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A Word Snapshot of Autumn’s Poetry

October 2, 2013

A Word Snapshot of Autumn’s Poetry

by Alice Jane-Marie Massa

One of my favorite parts of teaching at a technical college for twenty years was presenting a poetry unit. Of course, this unit culminated with my students’ presenting their own “Poetry at the Podium”—a wonderfully creative way to conclude each term. Each semester, when I first talked with students about writing poetry, two of the typical comments were: “I have not written a poem since elementary school” and “I have never written a poem.” Since I began writing poetry in the second grade and have continued writing poetry throughout my life, I was surprised how many young-adult students and middle-aged students told me that they had never written a poem. Well, we broke that record—and amazingly, without a chorus of complaints. With the final poetic product in hand, each student seemed pleased with the accomplishment and, most often, eager to share the creative effort. Signing one’s name on the dotted line of a poetic license can perpetuate satisfaction and a little pride.

Each semester, I gave each class long lists of topics which could be developed into unique and strong stanzas. While these given lists gave much leeway for those ready to embark with a poetic license, I also allowed a student to nurture a topic of his or her own choosing. Some of those meritorious results still echo through this retired teacher’s mind.

To assist students who were more challenged with getting started with the creative endeavor, I suggested writing an acrostic poem because this form not only helps with initiating a poem, but also guides the writer through each line, and lets the writer know exactly when to conclude the poem. Do you want to write an acrostic poem? First, select a short or long word(such as “apple,” “mauve,” or “Congratulations”); or you may choose a two- or three-word phrase (such as “Happy Fiftieth Anniversary”). Then, each letter of the selected word or phrase will begin each appropriate line of the poem. Thus, the first letter of your chosen word will be the first letter of the first word of the first line of your poem; the second letter of your chosen word will be the first letter of the first word of the second line of your poem. Then, continue in this fashion until you have a line for each letter of your selected word or phrase. For example, looking down the left margin of the following poetic lines, you will read vertically the word “autumn.”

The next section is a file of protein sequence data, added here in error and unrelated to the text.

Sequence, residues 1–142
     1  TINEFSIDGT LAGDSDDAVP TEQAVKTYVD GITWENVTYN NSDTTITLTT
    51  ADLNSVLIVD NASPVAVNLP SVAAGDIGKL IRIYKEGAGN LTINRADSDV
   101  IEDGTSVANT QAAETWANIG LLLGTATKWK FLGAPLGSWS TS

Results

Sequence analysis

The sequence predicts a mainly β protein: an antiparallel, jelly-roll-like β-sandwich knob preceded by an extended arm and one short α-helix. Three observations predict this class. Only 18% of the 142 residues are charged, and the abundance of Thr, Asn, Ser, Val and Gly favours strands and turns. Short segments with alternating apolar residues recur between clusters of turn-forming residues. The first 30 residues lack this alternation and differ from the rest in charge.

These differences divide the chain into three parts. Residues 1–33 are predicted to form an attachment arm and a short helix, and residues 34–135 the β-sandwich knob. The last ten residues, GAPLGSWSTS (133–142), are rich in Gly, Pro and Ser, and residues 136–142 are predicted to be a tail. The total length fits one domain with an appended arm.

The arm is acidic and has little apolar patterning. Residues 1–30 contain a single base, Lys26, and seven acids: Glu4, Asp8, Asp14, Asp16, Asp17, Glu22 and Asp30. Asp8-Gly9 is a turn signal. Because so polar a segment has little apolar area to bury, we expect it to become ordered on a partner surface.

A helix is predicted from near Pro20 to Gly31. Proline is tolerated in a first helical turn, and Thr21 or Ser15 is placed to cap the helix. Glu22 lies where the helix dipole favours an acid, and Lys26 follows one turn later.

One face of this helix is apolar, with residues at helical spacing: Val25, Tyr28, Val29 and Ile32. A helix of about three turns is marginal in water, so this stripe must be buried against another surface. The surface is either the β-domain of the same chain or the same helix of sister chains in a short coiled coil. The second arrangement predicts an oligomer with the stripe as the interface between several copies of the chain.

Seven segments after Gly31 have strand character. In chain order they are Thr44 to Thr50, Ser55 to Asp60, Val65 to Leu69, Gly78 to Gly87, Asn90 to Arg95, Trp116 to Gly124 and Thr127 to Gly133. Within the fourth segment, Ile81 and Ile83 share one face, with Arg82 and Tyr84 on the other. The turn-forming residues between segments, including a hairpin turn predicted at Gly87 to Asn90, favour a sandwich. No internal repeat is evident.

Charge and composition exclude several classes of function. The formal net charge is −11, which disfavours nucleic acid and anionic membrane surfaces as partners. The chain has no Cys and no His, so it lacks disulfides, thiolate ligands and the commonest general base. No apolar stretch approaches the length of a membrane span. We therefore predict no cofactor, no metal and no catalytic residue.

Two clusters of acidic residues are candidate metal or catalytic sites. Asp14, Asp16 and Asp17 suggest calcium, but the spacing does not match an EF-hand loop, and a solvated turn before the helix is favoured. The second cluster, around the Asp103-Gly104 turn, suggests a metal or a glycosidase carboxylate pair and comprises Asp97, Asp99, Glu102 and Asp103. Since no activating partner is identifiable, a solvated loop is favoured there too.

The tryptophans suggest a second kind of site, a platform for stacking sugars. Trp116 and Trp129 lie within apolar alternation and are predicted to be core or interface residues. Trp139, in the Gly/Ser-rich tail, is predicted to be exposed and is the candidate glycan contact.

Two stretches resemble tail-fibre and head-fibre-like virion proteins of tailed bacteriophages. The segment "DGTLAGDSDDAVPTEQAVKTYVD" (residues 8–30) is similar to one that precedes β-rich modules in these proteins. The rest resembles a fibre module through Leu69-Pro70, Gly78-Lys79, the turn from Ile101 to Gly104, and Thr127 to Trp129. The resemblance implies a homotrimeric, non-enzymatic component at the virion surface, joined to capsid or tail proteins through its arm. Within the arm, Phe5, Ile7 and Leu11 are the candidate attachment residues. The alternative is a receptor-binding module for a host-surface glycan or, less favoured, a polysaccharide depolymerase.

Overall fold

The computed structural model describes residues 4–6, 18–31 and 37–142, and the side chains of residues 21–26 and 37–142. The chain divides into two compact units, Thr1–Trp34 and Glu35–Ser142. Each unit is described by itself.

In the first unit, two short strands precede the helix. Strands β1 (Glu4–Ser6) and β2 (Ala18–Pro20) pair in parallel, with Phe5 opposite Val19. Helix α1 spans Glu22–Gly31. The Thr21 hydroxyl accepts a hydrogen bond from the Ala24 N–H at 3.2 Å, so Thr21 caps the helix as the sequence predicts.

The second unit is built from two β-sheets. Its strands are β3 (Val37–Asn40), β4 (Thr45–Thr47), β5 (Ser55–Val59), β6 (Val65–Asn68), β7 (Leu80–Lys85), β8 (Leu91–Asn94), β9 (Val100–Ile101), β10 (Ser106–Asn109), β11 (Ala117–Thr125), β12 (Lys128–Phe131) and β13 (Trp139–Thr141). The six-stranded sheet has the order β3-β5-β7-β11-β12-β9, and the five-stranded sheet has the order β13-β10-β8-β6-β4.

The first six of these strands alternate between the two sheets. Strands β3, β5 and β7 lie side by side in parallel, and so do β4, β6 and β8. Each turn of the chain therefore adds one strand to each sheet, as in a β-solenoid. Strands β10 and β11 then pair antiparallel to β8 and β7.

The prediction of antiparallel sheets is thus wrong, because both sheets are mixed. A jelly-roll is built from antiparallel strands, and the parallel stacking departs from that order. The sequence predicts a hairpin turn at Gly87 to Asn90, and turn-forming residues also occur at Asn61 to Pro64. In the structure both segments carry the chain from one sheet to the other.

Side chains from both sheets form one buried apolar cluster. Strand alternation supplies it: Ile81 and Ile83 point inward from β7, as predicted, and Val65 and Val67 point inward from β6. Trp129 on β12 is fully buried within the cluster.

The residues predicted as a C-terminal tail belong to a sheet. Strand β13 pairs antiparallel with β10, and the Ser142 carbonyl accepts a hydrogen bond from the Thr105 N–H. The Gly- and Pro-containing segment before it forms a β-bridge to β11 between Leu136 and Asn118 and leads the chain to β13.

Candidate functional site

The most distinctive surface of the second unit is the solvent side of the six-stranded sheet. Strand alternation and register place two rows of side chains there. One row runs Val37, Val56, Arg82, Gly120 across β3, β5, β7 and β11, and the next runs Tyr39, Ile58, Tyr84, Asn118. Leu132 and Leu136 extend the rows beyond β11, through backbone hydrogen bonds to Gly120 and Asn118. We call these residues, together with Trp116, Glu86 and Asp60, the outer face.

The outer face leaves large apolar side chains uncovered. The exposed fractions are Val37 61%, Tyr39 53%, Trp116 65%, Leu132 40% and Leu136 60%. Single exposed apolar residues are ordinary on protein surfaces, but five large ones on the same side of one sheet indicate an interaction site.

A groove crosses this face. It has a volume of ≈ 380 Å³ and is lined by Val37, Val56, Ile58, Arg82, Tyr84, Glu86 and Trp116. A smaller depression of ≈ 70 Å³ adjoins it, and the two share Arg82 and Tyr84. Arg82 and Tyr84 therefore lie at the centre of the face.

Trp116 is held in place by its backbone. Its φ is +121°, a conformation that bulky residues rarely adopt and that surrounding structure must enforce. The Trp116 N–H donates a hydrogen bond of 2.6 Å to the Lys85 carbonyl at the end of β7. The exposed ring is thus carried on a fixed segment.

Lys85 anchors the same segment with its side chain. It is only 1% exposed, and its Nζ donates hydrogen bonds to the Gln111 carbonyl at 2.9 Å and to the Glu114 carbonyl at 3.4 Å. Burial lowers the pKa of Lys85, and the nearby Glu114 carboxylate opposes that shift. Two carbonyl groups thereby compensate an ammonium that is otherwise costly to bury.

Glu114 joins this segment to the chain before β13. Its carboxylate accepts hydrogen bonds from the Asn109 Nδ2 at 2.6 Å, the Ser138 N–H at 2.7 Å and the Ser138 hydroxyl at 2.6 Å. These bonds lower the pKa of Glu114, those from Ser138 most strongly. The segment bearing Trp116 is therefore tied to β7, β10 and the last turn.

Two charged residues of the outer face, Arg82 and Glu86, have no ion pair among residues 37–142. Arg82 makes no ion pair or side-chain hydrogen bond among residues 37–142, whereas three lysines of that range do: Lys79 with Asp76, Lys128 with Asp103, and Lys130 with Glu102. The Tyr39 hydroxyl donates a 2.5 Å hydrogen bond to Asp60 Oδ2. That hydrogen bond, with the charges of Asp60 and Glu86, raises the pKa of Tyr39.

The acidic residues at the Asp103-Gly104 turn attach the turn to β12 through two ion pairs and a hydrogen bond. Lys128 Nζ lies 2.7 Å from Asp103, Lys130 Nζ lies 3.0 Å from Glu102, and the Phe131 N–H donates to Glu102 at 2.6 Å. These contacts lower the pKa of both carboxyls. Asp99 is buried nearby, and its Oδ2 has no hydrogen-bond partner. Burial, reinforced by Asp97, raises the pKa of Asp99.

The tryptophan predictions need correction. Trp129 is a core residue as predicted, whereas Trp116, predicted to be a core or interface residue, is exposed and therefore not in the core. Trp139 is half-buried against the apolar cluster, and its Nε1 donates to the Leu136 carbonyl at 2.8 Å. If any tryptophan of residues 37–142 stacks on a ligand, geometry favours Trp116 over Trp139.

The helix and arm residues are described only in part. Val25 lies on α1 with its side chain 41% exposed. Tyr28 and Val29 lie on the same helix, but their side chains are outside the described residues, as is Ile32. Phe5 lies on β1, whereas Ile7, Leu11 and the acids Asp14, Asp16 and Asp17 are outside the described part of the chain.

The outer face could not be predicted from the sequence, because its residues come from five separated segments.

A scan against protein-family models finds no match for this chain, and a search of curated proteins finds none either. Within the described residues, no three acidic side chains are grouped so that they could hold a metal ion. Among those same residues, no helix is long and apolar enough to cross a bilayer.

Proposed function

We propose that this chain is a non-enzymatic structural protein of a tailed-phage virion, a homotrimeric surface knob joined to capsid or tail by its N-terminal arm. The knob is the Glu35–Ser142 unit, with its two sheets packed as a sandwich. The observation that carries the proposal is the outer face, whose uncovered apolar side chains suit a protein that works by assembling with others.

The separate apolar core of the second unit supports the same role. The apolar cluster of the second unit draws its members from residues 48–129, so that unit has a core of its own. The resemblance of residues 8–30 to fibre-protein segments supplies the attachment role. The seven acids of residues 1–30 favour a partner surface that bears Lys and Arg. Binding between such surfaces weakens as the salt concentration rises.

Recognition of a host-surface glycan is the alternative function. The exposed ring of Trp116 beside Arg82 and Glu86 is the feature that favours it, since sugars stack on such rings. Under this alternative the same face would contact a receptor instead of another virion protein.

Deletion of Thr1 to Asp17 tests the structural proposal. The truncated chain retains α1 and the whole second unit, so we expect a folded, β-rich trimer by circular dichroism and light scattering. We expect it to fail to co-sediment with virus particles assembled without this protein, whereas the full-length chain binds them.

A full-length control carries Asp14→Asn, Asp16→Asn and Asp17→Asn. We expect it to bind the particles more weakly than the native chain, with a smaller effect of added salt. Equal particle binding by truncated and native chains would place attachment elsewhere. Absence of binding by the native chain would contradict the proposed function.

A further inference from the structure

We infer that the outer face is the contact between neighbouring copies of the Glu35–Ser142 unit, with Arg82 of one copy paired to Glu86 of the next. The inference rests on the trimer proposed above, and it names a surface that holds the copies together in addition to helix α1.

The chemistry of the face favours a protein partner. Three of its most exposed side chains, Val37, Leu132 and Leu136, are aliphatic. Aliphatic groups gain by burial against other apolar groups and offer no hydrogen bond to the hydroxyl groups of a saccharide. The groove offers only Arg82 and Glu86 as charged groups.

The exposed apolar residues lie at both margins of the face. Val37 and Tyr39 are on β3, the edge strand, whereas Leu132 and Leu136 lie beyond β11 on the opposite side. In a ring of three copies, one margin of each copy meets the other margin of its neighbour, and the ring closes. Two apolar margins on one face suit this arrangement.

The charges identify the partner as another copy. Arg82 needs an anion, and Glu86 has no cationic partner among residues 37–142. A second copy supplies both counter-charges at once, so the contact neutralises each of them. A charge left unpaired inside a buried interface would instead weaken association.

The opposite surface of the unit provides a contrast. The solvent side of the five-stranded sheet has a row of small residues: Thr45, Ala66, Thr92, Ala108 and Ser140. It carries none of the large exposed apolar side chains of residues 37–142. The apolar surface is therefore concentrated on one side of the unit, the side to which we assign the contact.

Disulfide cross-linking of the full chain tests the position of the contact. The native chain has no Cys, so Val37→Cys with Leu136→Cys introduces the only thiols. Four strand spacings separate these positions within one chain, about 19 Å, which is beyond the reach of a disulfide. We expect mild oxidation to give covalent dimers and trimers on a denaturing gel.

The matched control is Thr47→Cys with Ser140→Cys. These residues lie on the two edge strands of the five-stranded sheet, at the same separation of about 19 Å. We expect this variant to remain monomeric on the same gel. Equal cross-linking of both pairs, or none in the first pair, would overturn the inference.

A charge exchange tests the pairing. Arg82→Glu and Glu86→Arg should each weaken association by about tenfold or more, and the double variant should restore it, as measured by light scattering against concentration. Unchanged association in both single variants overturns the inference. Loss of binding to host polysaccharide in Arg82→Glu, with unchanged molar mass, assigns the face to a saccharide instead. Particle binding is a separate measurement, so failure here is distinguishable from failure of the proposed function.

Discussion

A Word Snapshot of Autumn’s Poetry

Aspen trees quiver flakes of gold

under autumnal, mountain-scaped skies.

Tangerine leaves over Hoosier hills unfold

umbrellas of delicately painted disguise.

Maples—hard and soft—unite to crimson this hearty season.

Nature, thanks for all these sweet tastes of autumn before your dose of bitter winter.

Are you inspired to write a poem? Would you like to try an acrostic? I hope so. The changing of seasons does inspire many people to write more creatively. How fortunate we, in the Midwest, are to have all five seasons—spring, summer, autumn, winter, and construction!

When writing autumnal poetry or poems of another season, consider the following handful of suggestions:

1. Never wait for the Muse to arrive at your “Poetry Party”: if the Muse is late or does not even attend your party, commence with your “Poetry Party” without her. Just start writing! (Frequently, I think of an idea for a poem or develop the first stage or draft of a poem in my mind while I am on a long walk with my guide dog. Create wherever and whenever you can.)

2. After you have written a poem, carefully read the poem and ask yourself if any word or phrase can be written more creatively. If so, revise the word, phrase, or line to display more imagery, more figurative language.

3. Do not be afraid to punctuate your poem. If you can punctuate a sentence and a paragraph, you can punctuate a poetic line and a stanza. Punctuating a poem should be as easy as punctuating an essay or a short story. Punctuation marks are the keys to help your reader unlock your intended meaning of the poem. Do not suspend a stanza in
mid-air—punctuate the stanza!

4. While counting syllables and noting stresses in a poetic line is crucial for some poetic forms, reading your poem aloud will give you confidence in the rhythmical quality of each line. If a line does not read aloud well, revise the line.

5. In the construction of a poem, remember that your poem is not written in cement: you can tinker with the little words, lines, stanzas, and punctuation until you set the poem aside for a few hours, a few days, or a few months—at which time, you can enjoy tinkering with your poem again.

POET’S TEST: If you are excited to discover that the wonderful word “crimson” is not only a noun and an adjective, but also a verb (as I did to write the above poem)—you pass this test; and you need to write a poem today!

By perusing previous posts on this blog, you will find several long poems and the lyrics for one lullaby which I have written.

Happy Autumnal Poetry Reading and Writing!

October 2, 2013, Wednesday


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  1. Hi Alice, did you know that October 15th is National Poetry Day. This would be a good time to schedule a reading or some other event to commemorate poetry. Happy writing and keep blogging.

    • Abbie–Thanks for the information about October 15. For a long while, I have just thought of April as National Poetry Month and had not known of this special day for poetry. What we have celebrated on or around October 15 has been White Cane Day (although I have used a guide dog for 22.5 years). On this October 15, I hope you have an opportunity to read and sing your poetry. AJM

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